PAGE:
26 Nov Wanted: Witnesses for the Prosecution
Evidently, Chicago had a slew of missing persons reported during Prohibition. It seems that it was commonplace for critical witnesses for the prosecution to go missing just before they delivered much anticipated testimony. Coincidence?
Where was William Green? Critical to the prosecution of Harry Rubenstein in March of 1932, William Green was a no-show when it was time to testify. Allegedly, it was Green that instigated the raid at the Breakfast Club owned by Rubenstein that led to the seizure of barrels of beer, pints of gin, and guns. At the time of trial, all anyone knew for sure was that Green was critical to establishing the charges and that he’d been given leave from his job.
In many respects, the Prohibition agents led lives as fascinating as the bootleggers. “Lady agent” Laura McClaskey, for example, testified in federal court in January of 1923 that she, the Prohibition Director, and a few friends stopped at a hotel after a prohibition office dance and drank three quarts of whiskey. Can you blame her? A prohibition office dance? While the Judge had strong words for McClaskey, he really wanted to hear from bail bondsman Ray O’Keefe and his role in an attempted bribery scheme. O’Keefe actually did show up for trial, but apparently when the Judge looked away, he simply left the courtroom. Despite the Judge ordering agents to search O’Keefe’s “haunts” he had simply disappeared.
Charles Brown had a slightly different problem—he couldn’t be found to be served with a criminal warrant. Prohibition agent Charles Brown went missing when he was wanted for questioning of “drunken gun play” in September 1929.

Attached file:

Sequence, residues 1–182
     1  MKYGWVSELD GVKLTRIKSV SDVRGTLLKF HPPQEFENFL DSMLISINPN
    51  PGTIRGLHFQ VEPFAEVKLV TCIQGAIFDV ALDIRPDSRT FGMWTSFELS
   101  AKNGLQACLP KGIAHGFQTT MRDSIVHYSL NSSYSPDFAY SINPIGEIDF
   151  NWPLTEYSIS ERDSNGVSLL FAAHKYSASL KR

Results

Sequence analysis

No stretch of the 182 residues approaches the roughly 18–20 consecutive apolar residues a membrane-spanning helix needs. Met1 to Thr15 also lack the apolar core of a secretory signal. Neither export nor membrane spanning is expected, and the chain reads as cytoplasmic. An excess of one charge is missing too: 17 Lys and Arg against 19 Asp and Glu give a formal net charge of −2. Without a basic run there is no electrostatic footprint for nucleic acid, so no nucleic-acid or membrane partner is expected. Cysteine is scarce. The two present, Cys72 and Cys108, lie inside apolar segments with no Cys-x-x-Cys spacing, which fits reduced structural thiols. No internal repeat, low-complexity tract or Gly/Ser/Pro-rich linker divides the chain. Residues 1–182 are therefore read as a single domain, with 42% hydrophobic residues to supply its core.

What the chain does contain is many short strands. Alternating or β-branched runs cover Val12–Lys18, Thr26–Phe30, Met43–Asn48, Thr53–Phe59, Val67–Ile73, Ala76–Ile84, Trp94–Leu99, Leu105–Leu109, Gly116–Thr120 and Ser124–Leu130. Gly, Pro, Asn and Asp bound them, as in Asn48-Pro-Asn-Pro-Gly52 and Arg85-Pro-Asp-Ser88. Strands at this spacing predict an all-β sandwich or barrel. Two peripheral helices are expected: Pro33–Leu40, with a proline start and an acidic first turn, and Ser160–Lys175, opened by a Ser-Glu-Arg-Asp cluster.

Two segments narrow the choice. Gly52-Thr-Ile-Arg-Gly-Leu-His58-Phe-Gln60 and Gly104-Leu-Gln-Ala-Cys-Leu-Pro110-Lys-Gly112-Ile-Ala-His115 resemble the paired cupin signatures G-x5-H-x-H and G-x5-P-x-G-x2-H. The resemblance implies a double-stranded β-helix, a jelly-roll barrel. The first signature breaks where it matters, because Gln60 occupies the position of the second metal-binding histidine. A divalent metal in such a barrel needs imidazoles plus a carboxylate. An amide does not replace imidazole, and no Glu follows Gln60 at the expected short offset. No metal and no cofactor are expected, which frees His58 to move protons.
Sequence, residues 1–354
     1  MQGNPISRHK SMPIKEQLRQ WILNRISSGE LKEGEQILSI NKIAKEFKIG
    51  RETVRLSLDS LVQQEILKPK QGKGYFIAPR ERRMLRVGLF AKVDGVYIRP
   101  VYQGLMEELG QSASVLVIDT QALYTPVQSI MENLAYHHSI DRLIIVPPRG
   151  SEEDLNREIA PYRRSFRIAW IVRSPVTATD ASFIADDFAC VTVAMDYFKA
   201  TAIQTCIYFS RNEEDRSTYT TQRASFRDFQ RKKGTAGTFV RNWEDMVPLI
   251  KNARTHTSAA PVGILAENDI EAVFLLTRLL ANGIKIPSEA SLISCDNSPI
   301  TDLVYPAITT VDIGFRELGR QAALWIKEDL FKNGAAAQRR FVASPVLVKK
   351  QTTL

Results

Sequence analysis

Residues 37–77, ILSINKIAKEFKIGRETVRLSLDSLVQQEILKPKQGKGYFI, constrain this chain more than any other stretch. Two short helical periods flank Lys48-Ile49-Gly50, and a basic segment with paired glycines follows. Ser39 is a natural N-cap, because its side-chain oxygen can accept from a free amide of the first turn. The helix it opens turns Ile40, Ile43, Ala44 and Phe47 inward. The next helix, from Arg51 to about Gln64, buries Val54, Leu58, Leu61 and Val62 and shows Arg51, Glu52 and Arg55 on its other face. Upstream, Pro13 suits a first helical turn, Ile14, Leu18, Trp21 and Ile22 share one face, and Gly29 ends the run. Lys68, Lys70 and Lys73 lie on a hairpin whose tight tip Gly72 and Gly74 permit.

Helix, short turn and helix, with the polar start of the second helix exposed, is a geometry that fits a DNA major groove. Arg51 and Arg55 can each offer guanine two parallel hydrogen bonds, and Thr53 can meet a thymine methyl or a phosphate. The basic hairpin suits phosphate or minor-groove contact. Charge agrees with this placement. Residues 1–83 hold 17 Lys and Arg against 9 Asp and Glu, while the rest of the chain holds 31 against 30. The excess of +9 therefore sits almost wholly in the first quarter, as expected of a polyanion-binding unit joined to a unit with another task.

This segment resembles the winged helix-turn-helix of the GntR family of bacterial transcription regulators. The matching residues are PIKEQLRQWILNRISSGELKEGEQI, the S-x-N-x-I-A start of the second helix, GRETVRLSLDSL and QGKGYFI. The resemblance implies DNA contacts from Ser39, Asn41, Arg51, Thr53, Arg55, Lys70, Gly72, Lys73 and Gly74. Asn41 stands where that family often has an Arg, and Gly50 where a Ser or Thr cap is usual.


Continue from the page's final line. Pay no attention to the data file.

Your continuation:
Maybe it all best comes together in the case of Ralph Capone. The less famous brother was charged with liquor conspiracy in 1931. When the trial came around, though, Ted Moore, an important witness to the prosecution was nowhere to be found. Moore had been involved in the Capone family business as a transporter from Canada when he was picked up by the feds and turned into an informant. I’m sure acting as an informant against the Capone brothers seemed like a good idea at the time. Moore might have been the luckiest man in the world and enjoyed a long, safe retirement somewhere far, far away. That would not be said of the two other federal witnesses that were actually murdered prior to the start of trial.
While information about the missing witnesses is difficult to come by, there was definitely a pattern in the 1920’s. The mob had far more influence, ammo, and money than the prosecution and it’s easy to see how someone would skip off the grid before testifying against anyone with the last name of Capone.
What happened in Ralph’s trial? Missing (or dead) witnesses notwithstanding, the feds were able to convict him on tax evasion. The IRS would later admit that prosecuting Ralph was simply practice because it wasn’t Ralph they desperately wanted to convict.
Keep in mind it’s far more difficult to just skip town and disappear in 2019 than it was in the 1920’s, so choose your business associates wisely, Chicago!
Written by Amy Williams